Why it makes sense for Microsoft to debut HoloLens 2 at Mobile World Congress 2019
Microsoft's HoloLens 2 may finally bring truly-mobile holographic computing to the world.
Microsoft is heading back to Mobile World Congress (MWC) in Barcelona. The company's event will take place on Sunday, February 24 – and, yes, it will be live-streamed. Microsoft CEO Satya Nadella, Corporate Vice President Julia White, and Microsoft Technical Fellow Alex Kipman will be in attendance, which strongly hints at what Microsoft will reveal.
Kipman worked on Microsoft's Kinect sensor technology for Xbox. That tech was later integrated into what we now know as Microsoft HoloLens, another one of his projects. Kipman is fond of saying smartphones are "dead", while talking up the future of holographic computing, so his attendance at Mobile World Congress seems ... interesting.
However, there's likely a good reason why a sequel to HoloLens may be revealed at an event focused on mobility.
What we expect and know about Microsoft HoloLens 2
There are five main components that we expect to be featured in HoloLens 2:
- Increased, or even double, the field of view (FOV).
- Qualcomm Snapdragon 850 with 4G LTE.
- Qualcomm XR1 VR chipset.
- New dedicated AI coprocessor.
- Runs Window Core OS ("Oasis").
That's in addition to the usual hardware refinements in quality, comfort, size and weight reduction with any significant hardware revamp.
Let's break down what each of those five new features means.
Nearly one year ago, I stated that any next version of HoloLens would likely feature a Qualcomm Snapdragon processor. Why? For one, Intel Atom (the processor in the first version) is effectively dead, with no real replacement on deck for a HoloLens 2.
Windows 10 on ARM brings exceptional battery life, and 4G LTE for always-connected experiences away from a Wi-Fi network, and the components are much smaller than an x86 chipset, allowing for a smaller wearable computer.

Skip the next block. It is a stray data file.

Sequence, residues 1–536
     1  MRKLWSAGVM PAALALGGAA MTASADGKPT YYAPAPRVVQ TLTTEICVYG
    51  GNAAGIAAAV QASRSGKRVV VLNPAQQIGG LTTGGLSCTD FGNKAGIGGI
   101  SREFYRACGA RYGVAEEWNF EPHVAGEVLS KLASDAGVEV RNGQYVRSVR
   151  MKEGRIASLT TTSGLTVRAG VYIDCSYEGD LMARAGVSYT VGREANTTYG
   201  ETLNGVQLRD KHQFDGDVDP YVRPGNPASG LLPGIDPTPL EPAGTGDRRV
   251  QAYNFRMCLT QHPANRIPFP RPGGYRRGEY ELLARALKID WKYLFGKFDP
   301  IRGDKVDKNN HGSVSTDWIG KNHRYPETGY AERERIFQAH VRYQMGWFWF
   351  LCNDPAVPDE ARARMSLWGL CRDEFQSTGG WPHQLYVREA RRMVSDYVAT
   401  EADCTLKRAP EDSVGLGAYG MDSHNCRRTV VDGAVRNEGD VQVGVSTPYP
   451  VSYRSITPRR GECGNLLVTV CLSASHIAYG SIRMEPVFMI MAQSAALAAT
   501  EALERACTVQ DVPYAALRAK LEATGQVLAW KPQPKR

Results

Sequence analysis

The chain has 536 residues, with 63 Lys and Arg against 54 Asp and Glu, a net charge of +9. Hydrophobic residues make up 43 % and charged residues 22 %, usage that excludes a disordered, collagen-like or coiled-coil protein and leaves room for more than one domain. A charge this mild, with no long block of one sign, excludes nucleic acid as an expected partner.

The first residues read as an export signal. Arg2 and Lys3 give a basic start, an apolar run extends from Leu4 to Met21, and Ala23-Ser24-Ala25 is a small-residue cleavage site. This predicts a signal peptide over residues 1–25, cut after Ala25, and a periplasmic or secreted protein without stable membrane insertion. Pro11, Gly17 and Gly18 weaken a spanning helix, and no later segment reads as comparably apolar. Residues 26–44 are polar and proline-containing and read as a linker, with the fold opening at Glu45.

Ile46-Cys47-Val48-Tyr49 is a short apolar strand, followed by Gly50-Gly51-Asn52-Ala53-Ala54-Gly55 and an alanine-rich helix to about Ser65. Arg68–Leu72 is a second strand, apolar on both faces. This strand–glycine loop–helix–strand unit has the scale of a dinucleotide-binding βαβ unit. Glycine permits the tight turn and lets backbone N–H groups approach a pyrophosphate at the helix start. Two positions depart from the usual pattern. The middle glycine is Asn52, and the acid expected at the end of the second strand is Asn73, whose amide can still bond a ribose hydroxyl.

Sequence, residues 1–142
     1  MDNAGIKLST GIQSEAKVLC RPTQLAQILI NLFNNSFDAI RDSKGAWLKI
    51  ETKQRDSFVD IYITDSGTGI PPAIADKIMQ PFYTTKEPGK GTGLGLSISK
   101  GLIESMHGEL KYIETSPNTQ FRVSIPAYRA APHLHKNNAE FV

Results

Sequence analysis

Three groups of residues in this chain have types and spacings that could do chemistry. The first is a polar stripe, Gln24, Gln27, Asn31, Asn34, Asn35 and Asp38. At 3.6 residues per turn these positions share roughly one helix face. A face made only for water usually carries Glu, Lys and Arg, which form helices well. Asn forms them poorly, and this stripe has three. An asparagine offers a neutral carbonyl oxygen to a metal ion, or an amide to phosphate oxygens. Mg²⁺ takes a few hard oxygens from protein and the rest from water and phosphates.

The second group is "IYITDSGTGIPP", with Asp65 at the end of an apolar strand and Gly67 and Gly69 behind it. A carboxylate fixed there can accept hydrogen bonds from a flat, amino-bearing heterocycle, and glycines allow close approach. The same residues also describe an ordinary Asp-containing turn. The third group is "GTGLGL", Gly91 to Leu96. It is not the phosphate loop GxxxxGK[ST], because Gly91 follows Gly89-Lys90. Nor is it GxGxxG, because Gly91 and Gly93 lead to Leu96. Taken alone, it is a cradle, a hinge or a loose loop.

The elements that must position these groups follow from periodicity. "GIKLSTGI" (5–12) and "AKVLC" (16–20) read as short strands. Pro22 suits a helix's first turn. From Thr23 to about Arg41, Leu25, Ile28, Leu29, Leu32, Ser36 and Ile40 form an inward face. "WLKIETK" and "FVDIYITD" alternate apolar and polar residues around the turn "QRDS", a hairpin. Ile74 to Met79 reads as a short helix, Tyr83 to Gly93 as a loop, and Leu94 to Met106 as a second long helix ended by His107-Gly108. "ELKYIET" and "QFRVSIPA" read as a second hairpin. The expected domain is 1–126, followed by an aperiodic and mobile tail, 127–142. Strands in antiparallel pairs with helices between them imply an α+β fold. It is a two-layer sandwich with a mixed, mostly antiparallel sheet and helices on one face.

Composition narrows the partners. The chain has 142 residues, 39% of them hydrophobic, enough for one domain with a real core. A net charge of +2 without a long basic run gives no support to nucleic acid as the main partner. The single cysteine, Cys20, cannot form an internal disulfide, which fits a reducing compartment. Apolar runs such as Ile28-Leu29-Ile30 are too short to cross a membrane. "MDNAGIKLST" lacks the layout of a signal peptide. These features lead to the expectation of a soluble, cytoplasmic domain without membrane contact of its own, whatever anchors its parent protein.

While the consumer angle for HoloLens is still missing, for professional use it is not. Microsoft recently signed up the U.S. Army for a $480 million contract for HoloLens, and companies wishing to use the holographic computer "out in the field" would love a cellular version versus one that relies on Wi-Fi.
That makes the "made for Windows" Qualcomm Snapdragon 850 an ideal candidate for HoloLens 2 (the new Snapdragon 8cx may be overkill and too new).
Related to the Qualcomm main processor theory is the likely usage of Qualcomm's XR1 VR chip. The XR1 also supports head-tracking, spatial sound, and 4K video at up to 60 frames per second (FPS).
Back in July 2017, Executive Vice President of Microsoft's AI Research Group Harry Shum confirmed that HoloLens 2 will sport a dedicated AI coprocessor alongside its central silicon, the holographic processing unit (HPU).
That new AI hardware will allow for deep neural networks (DNNs) to let HoloLens better tackle intensive tasks, such as image and voice recognition without relying on sending data to the cloud to be processed.
Finally, there is the software. HoloLens 2 is expected to feature a version of Windows 10 built on Windows Core OS. This version of Windows 10 is codenamed Oasis, and it is a Mixed Reality-specific experience. HoloLens 2 will also feature CShell, Microsoft's new adaptable UI that works across all device types.
Microsoft's vision of mobile is different
Announcing HoloLens 2 with 4G LTE and running a Qualcomm Snapdragon processor at Mobile World Congress would be a smart move.
While the world is currently focused on (and getting bored with) smartphones, Microsoft is carving out a different path for mobile computing. The company is focusing on one of its strengths: productivity.
That's why I've been saying Windows on ARM and Always-Connected PCs are so crucial to the future of Windows – they are the bridge for mobile computing. A truly mobile HoloLens 2 with excellent battery life that can be worn for hours and running Windows 10 Universal Windows Platform (UWP) apps is an exciting breakthrough for surgeons, soldiers, technicians, race car drivers, museums, engineers, and more.
Mobile computing at Mobile World Congress makes sense, and maybe Microsoft returning for the first time in years is the start of a new era.
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Daniel Rubino is the Editor-in-chief of Windows Central, head reviewer, podcast co-host, and analyst. He has been covering Microsoft since 2007 when this site was called WMExperts (and later Windows Phone Central). His interests include Windows, laptops, next-gen computing, and for some reason, watches. Before all this tech stuff, he worked on a Ph.D. in linguistics, watched people sleep (for medical purposes!), and ran the projectors at movie theaters because it was fun.